08.02.11Alan Harris

10 Reasons I Hate Irrigation Systems…and what you can do to make me love them

MistingHigh pressure in the irrigation system results in misting which wastes water Irrigation System Watering SidewalkIrrigation system wastes water as it runs down the sidewalk. --Photo courtesy of @CoronaTools

Common Problems with Irrigation Systems and Simple Solutions

1. Run off – once irrigation water starts to run off from the landscape onto drives and sidewalks the soil has reached the saturation point and can not absorb any more water. The amount of time this takes to occur varies based on head type, soil type, compaction and slope.

SOLUTION: Use a “cycle and soak” feature where the zone runs for a shorter amount of time, but may run more than once per watering cycle.

2. Misting – next time your service provider conducts a wet check of the irrigation system, watch your fixed spray heads to see if there is a misting effect. Misting is a result of high pressure and as much as 50% of your water is evaporating into the atmosphere before it can get to your landscape.

SOLUTION: Install a pressure reducer on the mainline to control the pressure. If installing new heads or upgrading a system, use pressure regulating heads for even better control of pressure resulting from grade change. (Water pressure at the bottom of the hill is higher than the top of the hill)

3. Irrigation System Running when Raining – If it is raining for more than 5 minutes the irrigation system does NOT need to be running.

SOLUTION: Install a rain sensor. (Were you one of the lucky ones who won a free wireless rain sensor?)

4. Broken Irrigation Heads – at a minimum a broken nozzle will emit 4 gallons a minute. If the zone is on for 10 minutes you wasted 40 gallons. If the zone runs 3X a week you wasted 120 gallons.

SOLUTION: Make sure your irrigation service provider is conducting monthly inspections by asking for the reports and look for signs of a broken head like mulch or dirt on walks or drives after the system runs.

5. Shrubs Block Irrigation Spray Pattern – When an irrigation system is first installed a 12” pop up head is usually tall enough, but as the plants mature they block the spray pattern. A shrub (or sign) blocking the spray pattern means a higher concentration of water in one area and creates a “rain shadow” where no irrigation is reaching the plant material in another area.

SOLUTION: If the irrigation head is next to the building it may be able to be changed to a fixed riser, a conversion to drip irrigation may be possible or if the plant material is well established and is in an area with ample rainfall a well established shrub bed may be able to be weaned off of irrigation.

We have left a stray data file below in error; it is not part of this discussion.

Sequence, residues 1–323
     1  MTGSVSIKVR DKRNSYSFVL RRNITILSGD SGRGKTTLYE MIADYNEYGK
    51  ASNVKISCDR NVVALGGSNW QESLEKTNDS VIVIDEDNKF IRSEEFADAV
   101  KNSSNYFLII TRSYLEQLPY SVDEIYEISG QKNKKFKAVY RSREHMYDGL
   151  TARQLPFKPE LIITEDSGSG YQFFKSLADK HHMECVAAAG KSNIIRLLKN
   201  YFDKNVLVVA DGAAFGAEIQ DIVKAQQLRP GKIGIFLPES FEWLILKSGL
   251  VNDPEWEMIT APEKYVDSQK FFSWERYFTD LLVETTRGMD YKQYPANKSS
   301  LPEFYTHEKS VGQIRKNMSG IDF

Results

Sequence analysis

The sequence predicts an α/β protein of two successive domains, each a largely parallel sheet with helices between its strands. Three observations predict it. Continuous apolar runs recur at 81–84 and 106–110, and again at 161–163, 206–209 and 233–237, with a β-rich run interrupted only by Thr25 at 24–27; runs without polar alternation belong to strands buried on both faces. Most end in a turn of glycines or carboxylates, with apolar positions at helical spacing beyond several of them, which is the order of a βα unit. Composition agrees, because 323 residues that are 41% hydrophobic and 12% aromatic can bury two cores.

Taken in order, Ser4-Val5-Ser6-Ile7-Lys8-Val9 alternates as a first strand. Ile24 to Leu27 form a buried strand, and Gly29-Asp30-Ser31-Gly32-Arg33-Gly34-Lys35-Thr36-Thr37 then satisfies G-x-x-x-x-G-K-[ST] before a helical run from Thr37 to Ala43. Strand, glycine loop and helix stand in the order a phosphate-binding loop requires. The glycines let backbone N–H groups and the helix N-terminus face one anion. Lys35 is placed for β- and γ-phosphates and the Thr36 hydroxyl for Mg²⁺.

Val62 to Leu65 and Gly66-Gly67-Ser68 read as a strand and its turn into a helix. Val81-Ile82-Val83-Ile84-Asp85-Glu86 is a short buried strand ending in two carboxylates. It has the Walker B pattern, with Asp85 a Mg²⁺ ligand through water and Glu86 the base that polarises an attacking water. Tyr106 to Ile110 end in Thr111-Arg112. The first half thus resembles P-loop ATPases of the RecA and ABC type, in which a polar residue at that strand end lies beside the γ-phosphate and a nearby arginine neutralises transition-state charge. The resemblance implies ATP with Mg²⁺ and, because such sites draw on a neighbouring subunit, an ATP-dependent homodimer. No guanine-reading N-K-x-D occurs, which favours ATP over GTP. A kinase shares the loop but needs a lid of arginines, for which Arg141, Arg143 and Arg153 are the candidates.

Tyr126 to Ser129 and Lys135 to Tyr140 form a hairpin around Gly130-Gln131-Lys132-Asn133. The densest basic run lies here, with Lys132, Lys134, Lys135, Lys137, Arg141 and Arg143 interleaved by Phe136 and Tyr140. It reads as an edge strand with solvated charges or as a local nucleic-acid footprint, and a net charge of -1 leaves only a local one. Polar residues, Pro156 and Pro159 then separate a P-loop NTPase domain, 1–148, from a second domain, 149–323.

10 Reasons didn’t fit on this blog so, TO BE CONTINUED

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Alan Harris

Alan Harris is a water management pioneer. With roots in landscape architecture, Alan has worked with irrigation throughout his career experimenting with hydrozones and a variety of high efficiency irrigation systems. Now, over thirty years in the landscape industry, Alan continues to stay apprised of the latest technology even in a sales leadership capacity as our Director of Sales Operations for our landscape maintenance division. In addition to his contributions to this blog, Alan keeps his hand in water management as a regular contributor to Lawn & Landscape Magazine and speaker at WaterSmart Innovations Conference.


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  1. Friday, 8:49 Jonathan Caceres

    It’s so much more eye opening to see the math and figures over a period of time of how much water is actually being wasted with these inefficiencies. Or even better, figuring out how much money you can save if these inefficiencies are addressed. Every drop counts, and the dollars spent on water add up quickly!

  2. Saturday, 12:22 Alan Harris

    @Jonathan – thanks for the comment. Depending on who supplies your water and how many leaks you have you can be wasting hundreds of dollars a month. Be sure to check out the next 5 reasons on my love/hate relationship with irrigation.

  3. Friday, 8:53 Matt Bruns

    I visted a large commerical job site where a nozzle was off a spray head. We (the contractor and I) calculated the excess flow at just under 30gpm (not a typo…30 gallons a minute). A standard US bath tub filled to the brim is 42 gallons. Using your calculations, this site would waste 900 gallons; enough water to fill over 20 tubs per week.
    Matt Bruns
    The Toro Company

  4. Friday, 2:43 Jay Guthy

    One reason I LOVE irrigation…three words…”Precison Spray Nozzles”. We all know the story, uses 30% less water, higher water usage efficiency, tigher edges and less misting and fogging. Run this with an Irritrol Climate Logic and reduce the pain that keeps you up at night!

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